train_set, test_set = split_train_test(df)

    knn = k_nearest_neighbors()
    knn.fit(train_set)

    classes_dict = convert_class_str_to_class_int(knn.classes)
    test_set_nump = test_set.replace(classes_dict)
    test_set_nump = test_set_nump.to_numpy()

    predictions = knn.predict(test_set_nump, 4, 1)

    misclassed = 0
    correct_classed = 0
    for test_point, predict_point in zip(test_set_nump, predictions):
        if test_point[-1] == predict_point[-1]:
            correct_classed += 1
        else:
            misclassed += 1

    print(f"correctly classed: {correct_classed}\nmisclassed: {misclassed}")
    print(f"test prediction: {correct_classed/len(test_set)}")
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closed as off-topic by pacmaninbw, Dannnno, Linny, Mast, Malachi Oct 21 at 1:52

This question appears to be off-topic. The users who voted to close gave this specific reason:

  • "Code not implemented or not working as intended: Code Review is a community where programmers peer-review your working code to address issues such as security, maintainability, performance, and scalability. We require that the code be working correctly, to the best of the author's knowledge, before proceeding with a review." – pacmaninbw, Dannnno, Linny, Malachi
If this question can be reworded to fit the rules in the help center, please edit the question.

  • 1
    \$\begingroup\$ Does this code work to the best of your knowledge? If the answer is no then I suggest you post your question in stack overflow which might be more suitable for non-working code. \$\endgroup\$ – bullseye Oct 15 at 12:41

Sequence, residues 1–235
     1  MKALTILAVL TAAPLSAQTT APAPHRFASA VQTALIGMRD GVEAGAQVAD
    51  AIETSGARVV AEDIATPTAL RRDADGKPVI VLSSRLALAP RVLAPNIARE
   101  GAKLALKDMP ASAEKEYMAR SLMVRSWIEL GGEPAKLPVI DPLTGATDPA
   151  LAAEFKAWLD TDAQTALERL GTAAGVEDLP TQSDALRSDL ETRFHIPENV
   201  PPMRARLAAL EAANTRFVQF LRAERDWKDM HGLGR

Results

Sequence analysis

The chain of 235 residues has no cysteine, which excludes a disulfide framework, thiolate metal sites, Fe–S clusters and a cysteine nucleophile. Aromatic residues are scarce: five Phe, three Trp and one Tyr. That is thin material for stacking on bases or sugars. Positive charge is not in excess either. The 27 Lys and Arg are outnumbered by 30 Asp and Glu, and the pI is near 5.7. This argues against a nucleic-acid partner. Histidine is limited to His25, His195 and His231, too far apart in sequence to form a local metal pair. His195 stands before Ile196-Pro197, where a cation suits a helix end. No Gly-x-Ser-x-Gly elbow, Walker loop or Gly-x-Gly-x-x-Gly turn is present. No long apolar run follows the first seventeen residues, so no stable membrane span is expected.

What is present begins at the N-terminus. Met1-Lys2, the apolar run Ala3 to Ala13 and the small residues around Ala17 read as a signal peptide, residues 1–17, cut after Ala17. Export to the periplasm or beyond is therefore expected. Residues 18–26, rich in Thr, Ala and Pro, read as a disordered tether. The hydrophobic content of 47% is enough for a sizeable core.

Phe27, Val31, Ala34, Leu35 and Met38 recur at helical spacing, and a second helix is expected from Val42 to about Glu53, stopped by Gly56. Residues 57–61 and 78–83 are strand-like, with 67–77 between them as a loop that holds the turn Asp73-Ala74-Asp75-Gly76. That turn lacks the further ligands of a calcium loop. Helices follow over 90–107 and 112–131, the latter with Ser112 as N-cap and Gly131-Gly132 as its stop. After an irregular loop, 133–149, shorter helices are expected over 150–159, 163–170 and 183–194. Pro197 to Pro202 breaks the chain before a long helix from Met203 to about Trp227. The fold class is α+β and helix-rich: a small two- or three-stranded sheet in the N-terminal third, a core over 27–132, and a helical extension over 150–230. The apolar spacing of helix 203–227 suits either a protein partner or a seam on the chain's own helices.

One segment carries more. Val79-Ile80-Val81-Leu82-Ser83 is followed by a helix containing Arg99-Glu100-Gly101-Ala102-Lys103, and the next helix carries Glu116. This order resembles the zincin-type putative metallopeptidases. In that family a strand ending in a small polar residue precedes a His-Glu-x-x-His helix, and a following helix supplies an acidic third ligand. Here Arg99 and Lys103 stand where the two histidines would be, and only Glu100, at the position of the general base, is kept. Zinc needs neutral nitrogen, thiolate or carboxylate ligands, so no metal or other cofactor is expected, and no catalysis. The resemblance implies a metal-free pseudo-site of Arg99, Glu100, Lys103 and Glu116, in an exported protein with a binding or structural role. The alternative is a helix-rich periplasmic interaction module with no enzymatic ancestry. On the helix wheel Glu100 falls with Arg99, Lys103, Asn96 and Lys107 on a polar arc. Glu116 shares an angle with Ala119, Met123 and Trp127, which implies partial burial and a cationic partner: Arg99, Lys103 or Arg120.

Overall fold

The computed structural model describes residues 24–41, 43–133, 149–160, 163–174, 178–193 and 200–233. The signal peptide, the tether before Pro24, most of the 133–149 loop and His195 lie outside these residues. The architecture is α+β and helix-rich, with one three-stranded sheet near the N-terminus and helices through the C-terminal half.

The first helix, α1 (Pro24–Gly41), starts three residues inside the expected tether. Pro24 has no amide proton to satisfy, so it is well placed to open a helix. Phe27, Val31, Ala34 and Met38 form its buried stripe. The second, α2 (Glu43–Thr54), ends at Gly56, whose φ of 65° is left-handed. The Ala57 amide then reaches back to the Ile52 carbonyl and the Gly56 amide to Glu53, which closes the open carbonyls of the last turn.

• \$\begingroup\$ Welcome to Code Review! We don't review code unless it accomplishes the goal for which it was written. unfortunately we also don't allow for changing the code after answers were given if they invalidate the answers that were given. Please feel free to post a new question when you have fully working code. \$\endgroup\$ – Malachi Oct 21 at 1:52
3
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Order your imports

Imports should be ordered alphabetically in groups of standard library imports, third-party imports and local project imports:

import math
from operator import itemgetter
import random

import matplotlib.pyplot as plt
import numpy as np
import pandas as pd

Make use of comprehensions

You can rewrite

def convert_class_str_to_class_int(classes):
    """
    This is a function that will take a set of classes and return a dictionary where the class name is the key
    and the index of the class found within the set is the value. 
    :param classes:
    :return:
    """
    classes_dict = dict()
    for index, class_str in enumerate(classes):
        classes_dict[class_str] = int(index)

    return classes_dict

as

def get_class_id_mapping(classes):
    """
    This is a function that will take a set of classes and return a dictionary where the class name is the key
    and the index of the class found within the set is the value. 
    :param classes:
    :return:
    """
    return {class_str: index for index, class_str in enumerate(classes)}

Note that you do not need to cast for int(), since enumerate() will always yield ints. Also the original name was a bit misleading, as it did not reflect, what the function actually does.
Also beware, that sets do not have indices. If the input value is actually a set, the corresponding indices given upon iteration will be in random order.

Be specific about your error handling

In this block

try:
    classes_dict = convert_class_str_to_class_int(self.classes)
    test_data = test_data.replace(classes_dict)
    test_data = test_data.to_numpy()
except AttributeError:
    pass

it is not clear at which line you'll expect the AttributeError to occur. At the first line? At the last line? At any of the three lines?

Use a main() function

Put the stuff, that you have under the if __name__ = '__main__' guard into a def main(): function and place its call there.

Other than that, your code looks pretty good. The docstrings are informative, the methods mostly named feasibly.